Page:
Sports Marketing

Why Acrisure is splashing its name on venues from coast to coast

From California to Pennsylvania, the financial company has made big moves to increase brand awareness.
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Justin K. Aller/Getty Images

4 min read

When Shakespeare wrote “What’s in a name?”, he probably wasn’t thinking about brand awareness. But when insurance and fintech company Acrisure got to thinking about brand awareness early last year, it was all about name recognition.

The insurance brokerage had recently gone through a period of growth via acquisitions, and had also started building out its DTC business, according to Chief Communications and Marketing Officer Elliott Bundy.

The challenge? The smaller companies it acquired “had a lot more brand equity in their communities than Acrisure, because no one would have known what Acrisure was,” he said. “For the first time in the company’s history, we made a decision that we were going to spend time, resources, and money on building an overall Acrisure brand.” Part of that involved naming rights.

It hasn’t been all rainbows and sunshine—or should we say slam dunks and touchdowns—but Bundy said Acrisure’s bet on naming rights has so far produced “impressive results.”

Hold the ketchup

Last year, the company locked in a 10-year naming rights deal for an entertainment and sports venue in SoCal, a move that “made strategic sense,” according to Bundy, given that its largest concentration of clients is in California. It also acquired the naming rights for the main entrance of Long Island’s UBS Arena “The Acrisure Great Hall.”

But it was the company’s decision to take over the naming rights to the home of the Pittsburgh Steelers, long known as Heinz Field, that raised eyebrows—and some backlash.

The change wasn’t as random as it may have seemed: Thomas Tull, a shareholder in both the Steelers and Acrisure, put the opportunity on Acrisure’s radar around June of last year.

The deal, reportedly worth more than $150 million, or about $10 million a year for 15 years, came together in just a couple of weeks. “Once we became aware of it, we jumped on it,” Bundy told us.

Fan acceptance of the new stadium name, however, is coming more slowly. When it was first announced, some fans started a petition to change it.

The Acrisure team wasn’t entirely surprised by that reaction and has taken several steps to try to integrate itself with the Pittsburgh community since, according to Bundy. For instance, Acrisure set aside a block of tickets that it gives to local charities like the Boys and Girls Club of Greater Pittsburgh and is working on community-based projects with the Steelers.

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The brand also set up a tent at training camp, where fans were able to stop by and ask questions, and has partnered with “Steelers-adjacent properties” like the Pittsburgh Post-Gazette and influencer Pittsburgh Dad to create content, according to Bundy.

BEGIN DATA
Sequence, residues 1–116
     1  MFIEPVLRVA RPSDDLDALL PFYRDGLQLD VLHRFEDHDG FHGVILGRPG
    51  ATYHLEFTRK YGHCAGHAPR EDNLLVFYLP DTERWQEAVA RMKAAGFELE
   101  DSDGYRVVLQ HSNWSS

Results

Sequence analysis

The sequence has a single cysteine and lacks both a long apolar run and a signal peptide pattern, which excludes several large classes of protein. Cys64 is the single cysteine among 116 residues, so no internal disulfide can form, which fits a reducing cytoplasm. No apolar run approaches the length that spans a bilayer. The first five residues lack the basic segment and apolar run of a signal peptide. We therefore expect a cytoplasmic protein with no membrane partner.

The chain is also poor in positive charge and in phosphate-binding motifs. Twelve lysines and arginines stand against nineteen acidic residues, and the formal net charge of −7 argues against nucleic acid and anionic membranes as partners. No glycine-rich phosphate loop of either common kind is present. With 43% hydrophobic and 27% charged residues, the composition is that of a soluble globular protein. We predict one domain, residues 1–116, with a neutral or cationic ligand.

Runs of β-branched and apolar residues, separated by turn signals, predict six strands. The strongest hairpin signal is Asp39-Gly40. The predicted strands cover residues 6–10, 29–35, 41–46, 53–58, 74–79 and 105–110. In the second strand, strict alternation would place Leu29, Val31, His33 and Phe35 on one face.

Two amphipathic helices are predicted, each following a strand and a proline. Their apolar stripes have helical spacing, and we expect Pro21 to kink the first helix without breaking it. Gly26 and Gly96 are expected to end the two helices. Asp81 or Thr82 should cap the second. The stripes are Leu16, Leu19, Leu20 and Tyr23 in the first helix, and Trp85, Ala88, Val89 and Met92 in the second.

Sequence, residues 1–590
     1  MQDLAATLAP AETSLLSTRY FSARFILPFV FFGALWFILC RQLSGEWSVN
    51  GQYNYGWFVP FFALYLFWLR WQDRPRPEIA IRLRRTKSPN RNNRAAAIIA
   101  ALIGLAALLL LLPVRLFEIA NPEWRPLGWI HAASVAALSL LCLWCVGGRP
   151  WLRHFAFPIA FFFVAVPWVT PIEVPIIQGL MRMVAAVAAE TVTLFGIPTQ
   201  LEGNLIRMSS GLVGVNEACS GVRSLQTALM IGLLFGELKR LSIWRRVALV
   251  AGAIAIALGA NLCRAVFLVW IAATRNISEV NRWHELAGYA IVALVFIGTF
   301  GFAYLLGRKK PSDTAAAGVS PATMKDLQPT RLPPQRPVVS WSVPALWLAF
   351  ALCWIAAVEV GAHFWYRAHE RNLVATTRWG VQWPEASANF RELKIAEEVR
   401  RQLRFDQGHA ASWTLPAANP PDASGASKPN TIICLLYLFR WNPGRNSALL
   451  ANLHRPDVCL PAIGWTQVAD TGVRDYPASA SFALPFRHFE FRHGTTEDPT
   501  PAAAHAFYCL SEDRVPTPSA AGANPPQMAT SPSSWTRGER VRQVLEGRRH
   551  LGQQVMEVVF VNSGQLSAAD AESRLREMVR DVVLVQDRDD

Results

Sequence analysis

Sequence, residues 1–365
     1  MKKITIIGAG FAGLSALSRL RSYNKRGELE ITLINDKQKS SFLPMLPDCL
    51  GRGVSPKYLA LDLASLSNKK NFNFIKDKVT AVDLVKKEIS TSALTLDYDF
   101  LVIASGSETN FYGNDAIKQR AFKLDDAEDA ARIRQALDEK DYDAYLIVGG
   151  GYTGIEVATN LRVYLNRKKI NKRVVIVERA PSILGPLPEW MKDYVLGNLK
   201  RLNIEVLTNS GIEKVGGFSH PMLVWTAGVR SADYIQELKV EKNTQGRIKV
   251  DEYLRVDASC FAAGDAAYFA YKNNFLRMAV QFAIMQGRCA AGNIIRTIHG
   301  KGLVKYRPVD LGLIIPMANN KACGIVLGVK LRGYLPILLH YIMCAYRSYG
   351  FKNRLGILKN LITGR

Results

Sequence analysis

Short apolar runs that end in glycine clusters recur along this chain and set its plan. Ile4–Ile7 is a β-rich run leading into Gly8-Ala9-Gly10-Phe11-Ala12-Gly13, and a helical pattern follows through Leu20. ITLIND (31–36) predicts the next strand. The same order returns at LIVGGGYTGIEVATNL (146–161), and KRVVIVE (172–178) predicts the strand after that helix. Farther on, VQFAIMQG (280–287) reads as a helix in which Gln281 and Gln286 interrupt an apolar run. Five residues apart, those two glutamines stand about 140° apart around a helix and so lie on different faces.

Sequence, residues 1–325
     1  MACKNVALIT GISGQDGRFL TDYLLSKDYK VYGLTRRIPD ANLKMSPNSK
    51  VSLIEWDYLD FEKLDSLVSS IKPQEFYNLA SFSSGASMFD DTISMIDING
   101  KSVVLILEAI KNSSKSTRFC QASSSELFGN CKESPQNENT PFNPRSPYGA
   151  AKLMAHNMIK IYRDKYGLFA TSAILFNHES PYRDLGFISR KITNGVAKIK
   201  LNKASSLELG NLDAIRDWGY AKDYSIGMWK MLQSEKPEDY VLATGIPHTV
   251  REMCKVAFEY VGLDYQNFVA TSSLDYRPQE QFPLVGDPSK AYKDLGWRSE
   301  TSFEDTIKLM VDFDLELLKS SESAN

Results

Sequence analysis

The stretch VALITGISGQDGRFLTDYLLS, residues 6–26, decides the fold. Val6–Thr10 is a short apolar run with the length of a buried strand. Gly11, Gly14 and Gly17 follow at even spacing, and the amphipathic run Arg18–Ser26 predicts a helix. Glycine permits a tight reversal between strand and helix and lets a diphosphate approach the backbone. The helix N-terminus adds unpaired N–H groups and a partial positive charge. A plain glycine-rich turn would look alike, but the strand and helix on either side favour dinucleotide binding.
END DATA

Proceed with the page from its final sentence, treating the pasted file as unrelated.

“We fully recognize that for as passionate a fan base as the Steelers have, this wasn’t going to be the easiest of changes, but I would say that’s also equally why it was appealing to us,” he said. “Even if the initial reaction was skeptical, I would much rather have our brand partner with people who care than have it not be a thing they noted at all.”

Are you Acri-sure?

For that reported $150 million, you bet Acrisure is tracking its return on investment.

The company is looking at “overall media value,” including comparing earned media mentions to what it would have to spend to get that same level of press, Bundy said. Before signing the deal, Acrisure brought in a third-party firm to estimate what the equivalent media value might be for a regular NFL season, and is already surpassing those expectations. The company is also conducting brand-awareness surveys among its target audience of small businesses.

“I can’t go into specific numbers, but it’s having the desired effect in terms of the conversion of brand awareness, starting from essentially zero, into client interaction, into conversions, and revenue,” Bundy said.

For instance, some existing customers of the insurance agencies that Acrisure acquired are starting to use the company’s own products as well, “so kind of an internal cross-sell, which is a result, we feel, of that increased brand awareness,” he said.

Acrisure is supporting its naming rights initiative with targeted brand-awareness campaigns in the form of programmatic buys across websites and platforms like Facebook and Instagram, Bundy added.

Acrisure is unlikely to take over any more major stadium naming rights this year, given the scope of its investments last year, Bundy said, but its marketing efforts aren’t necessarily slowing down.

“We’re definitely concentrating on continuing the digital foundation around brand awareness that we started last year,” Bundy said. “Increasingly this year, that’s going to be advertising that shifts to more product-focused advertising, less about just who Acrisure is, and more about the products we offer.”

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